I could also make the argument that despite many of his policy positions being labeled as “radical” and “far left,” they are actually popular and mainstream, but I’ll save going into that here for brevity’s sake.

Right now, the two most viable progressive candidates running are Bernie Sanders and Elizabeth Warren. The polls are currently showing them 2 and 3 behind Biden (but together they make up a larger share of Democrats who support them).

Biden is polling best at the moment, but I expect that gaffe machine to eventually self-destruct. And he doesn’t have nearly the grassroots support that Bernie does… or any of the energy.

IMO, anyone with a pulse SHOULD be able to beat Trump in 2020. However, I think the ONLY way Democrats MIGHT lose is if they run another establishment Democrat against a populist once again.

IMO, running establishment, so-called “centrist” candidates (who would rather reach out to Republicans and get their hands slapped every time than inspire their base) is what caused Democrats to lose 1,000 seats across the country leading up to 2016, and it’s what caused all three branches of government to fall into Republican hands before the last mid-terms.

IMO, Trump was so detestable, he inspired enough Democratic voters to get off their asses and give us back the House in the last mid-terms–and hopefully that is evidence of what will happen in 2020–BUT a sure way to KILL that motivation is to spit in the eye of progressives once again.

My hope is that Sanders and Warren come together for the win in the end. I think that will inspire the most enthusiasm and give us the best chance for a landslide that will carry over to the House and Senate (so it will be easier to get progressive policies passed).

Here’s the third reason…

EVEN IF, we elect someone as supposedly “radical” as Sanders (or even Warren), it’s going to be a tremendous uphill battle to bring about the changes needed to get back our democracy and save our planet for humanity.

REMEMBER: for those who may still think progressive ideas are too radical… we don’t elect monarchs or dictators, so whoever is elected probably won’t be able to get all of what they want done to the extent they want to get it done. They will still have to FIGHT for it, and what they do get done will probably end up getting watered down by the opposition (even the opposition in their own party).

But I think Democrats (in general) have forgotten how to get things done.

You DON’T START OUT by trying to compromise.

Democrats should relearn how to play the game Tug-of-War…

When you play Tug-of-War, the objective is to move the opposing team to your side. At the beginning of the game, you DON’T position your team on the boundary between the opposing sides, NOR do you initially position your team on the opposing team’s side and try to drag them onto yours from there. You position your team well on your own side, BEYOND where you expect to eventually pull them!!!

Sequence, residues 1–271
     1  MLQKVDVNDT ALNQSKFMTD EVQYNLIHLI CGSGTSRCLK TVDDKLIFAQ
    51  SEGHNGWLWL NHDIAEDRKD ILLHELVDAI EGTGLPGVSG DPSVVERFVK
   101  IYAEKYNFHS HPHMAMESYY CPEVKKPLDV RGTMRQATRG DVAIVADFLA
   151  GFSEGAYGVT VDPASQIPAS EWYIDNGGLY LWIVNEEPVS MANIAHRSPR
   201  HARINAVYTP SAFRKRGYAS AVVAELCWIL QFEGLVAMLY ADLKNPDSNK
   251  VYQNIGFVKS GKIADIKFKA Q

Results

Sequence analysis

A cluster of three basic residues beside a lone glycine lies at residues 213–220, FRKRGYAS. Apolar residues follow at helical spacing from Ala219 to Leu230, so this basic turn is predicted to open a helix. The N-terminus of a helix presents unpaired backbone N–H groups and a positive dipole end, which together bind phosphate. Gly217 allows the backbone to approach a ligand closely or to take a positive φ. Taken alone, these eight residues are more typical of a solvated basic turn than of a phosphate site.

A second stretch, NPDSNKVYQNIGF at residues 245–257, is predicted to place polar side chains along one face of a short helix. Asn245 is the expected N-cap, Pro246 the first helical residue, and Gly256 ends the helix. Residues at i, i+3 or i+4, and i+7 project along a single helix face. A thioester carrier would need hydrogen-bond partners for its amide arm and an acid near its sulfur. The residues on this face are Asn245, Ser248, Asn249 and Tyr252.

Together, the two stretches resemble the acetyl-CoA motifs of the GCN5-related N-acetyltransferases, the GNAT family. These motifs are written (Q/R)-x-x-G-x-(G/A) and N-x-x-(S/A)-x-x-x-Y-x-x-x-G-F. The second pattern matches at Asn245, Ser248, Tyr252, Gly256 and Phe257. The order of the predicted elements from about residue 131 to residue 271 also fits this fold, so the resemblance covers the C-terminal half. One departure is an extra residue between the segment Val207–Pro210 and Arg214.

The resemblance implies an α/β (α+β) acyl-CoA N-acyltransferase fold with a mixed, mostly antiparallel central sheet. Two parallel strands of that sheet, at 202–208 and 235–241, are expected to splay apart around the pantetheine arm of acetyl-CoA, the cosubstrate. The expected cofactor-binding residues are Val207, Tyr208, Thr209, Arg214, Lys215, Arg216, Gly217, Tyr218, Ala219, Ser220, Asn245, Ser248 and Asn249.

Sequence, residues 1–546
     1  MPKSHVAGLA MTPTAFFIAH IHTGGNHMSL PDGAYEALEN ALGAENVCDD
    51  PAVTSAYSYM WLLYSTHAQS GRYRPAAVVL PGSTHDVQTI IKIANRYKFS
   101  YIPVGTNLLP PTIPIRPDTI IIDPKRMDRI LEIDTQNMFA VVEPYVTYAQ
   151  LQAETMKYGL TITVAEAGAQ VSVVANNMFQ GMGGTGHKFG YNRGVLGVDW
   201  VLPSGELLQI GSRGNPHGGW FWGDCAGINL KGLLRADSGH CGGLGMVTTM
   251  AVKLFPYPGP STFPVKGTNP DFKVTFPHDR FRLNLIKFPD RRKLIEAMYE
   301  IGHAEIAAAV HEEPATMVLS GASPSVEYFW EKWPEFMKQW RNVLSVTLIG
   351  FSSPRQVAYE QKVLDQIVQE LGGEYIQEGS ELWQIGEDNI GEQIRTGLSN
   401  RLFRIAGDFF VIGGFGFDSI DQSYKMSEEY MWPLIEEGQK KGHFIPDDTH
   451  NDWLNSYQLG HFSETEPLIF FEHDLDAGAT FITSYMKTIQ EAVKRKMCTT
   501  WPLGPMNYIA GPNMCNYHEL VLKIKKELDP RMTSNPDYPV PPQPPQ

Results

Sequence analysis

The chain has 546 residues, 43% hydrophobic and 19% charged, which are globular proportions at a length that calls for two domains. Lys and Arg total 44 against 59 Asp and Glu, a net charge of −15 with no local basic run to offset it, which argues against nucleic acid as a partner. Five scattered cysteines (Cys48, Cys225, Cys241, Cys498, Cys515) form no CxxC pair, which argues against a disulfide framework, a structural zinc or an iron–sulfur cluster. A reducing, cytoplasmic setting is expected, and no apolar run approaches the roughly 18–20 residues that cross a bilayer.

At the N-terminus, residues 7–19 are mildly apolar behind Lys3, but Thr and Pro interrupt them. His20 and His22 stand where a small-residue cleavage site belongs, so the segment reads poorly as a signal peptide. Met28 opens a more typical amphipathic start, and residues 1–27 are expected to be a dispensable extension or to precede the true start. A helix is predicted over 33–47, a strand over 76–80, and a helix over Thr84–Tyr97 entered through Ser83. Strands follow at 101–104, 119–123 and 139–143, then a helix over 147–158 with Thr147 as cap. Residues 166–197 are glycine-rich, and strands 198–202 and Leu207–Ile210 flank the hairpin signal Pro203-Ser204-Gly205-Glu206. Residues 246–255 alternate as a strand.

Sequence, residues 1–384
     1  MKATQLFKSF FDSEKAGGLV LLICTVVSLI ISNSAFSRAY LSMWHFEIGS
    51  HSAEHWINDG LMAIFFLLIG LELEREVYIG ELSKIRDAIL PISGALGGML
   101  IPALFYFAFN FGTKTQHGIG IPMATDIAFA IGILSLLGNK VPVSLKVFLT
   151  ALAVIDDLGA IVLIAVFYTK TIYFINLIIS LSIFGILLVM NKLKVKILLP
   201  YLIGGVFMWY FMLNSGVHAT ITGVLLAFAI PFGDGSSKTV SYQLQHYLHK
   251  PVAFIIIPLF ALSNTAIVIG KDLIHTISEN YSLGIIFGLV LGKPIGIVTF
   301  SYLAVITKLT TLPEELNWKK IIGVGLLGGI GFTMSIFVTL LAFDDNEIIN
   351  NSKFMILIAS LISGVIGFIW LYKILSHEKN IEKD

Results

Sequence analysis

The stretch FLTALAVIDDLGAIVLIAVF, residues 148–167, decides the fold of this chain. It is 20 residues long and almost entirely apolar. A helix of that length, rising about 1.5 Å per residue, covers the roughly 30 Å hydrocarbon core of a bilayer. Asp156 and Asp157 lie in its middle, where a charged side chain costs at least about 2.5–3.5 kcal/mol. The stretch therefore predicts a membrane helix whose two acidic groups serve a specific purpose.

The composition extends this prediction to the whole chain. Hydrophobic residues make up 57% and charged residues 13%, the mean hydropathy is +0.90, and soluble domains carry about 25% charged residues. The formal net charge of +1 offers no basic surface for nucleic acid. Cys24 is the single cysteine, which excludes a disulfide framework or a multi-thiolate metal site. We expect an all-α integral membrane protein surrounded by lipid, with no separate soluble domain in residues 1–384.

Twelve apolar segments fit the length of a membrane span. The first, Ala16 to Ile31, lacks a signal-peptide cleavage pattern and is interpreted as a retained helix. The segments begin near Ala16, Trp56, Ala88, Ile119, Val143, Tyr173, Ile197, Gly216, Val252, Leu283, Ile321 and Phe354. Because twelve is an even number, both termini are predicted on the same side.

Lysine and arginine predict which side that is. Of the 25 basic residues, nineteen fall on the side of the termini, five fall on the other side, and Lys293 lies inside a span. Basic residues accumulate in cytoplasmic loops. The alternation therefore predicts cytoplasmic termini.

In my opinion, the best and easiest way we can “unify” is for those who would normally back an establishment candidate to back a REAL progressive this time. That way we can keep the energy on our side and bring in younger voters (who might not normally vote).

Now is NOT the time for incrementalism or compromises with corrupt politicians.

Now is the time for bold and dramatic action to save ourselves, our democracy, and our planet.

Right now, I think Sanders and Warren are the most viable candidates who stand a ghost of a chance of doing that.

We can’t afford to waste time trying to reach out to Republicans or compromise with corporate influence, and we can’t afford to waste time with incrementalism and gradualism.

MLK argued against the “tranquilizing drug of gradualism” when he said, “We are now faced with the fact that tomorrow is today. We are confronted with the fierce urgency of now. In this unfolding conundrum of life and history, there ‘is’ such a thing as being too late. This is no time for apathy or complacency. This is a time for vigorous and positive action.”

If we ever had a time when there was the “fierce urgency of now,” this is it.

If that doesn’t happen, we are screwed.

And it may already be too late.

I have more reasons I could go into, but this should be enough for now. 

Space Is Big. Really Big.

No one knows the full extent of the size of the universe we inhabit because we can’t see it all, and we never will. In the part we can observe, there are at least two trillion galaxies, which contain many more stars than there are gains of sand on the Earth.
 
Many of these stars may have a solar system of planets, so there might be as many or more planets than there are stars. Earth is just one of these planets in one of these solar systems in one of these two trillion galaxies in the observable universe.
 
It is hard to contemplate the magnitude of what I’m trying to say….
 
What we can see in all directions is rather BIG. There are other planets in our solar system that are bigger than our planet, the sun is much bigger than any of the planets in our solar system, and there are plenty of other suns that are much bigger than our sun. And there are bigger things than stars. And there are all those massive Black Holes in the centers of most galaxies and sprinkled throughout them.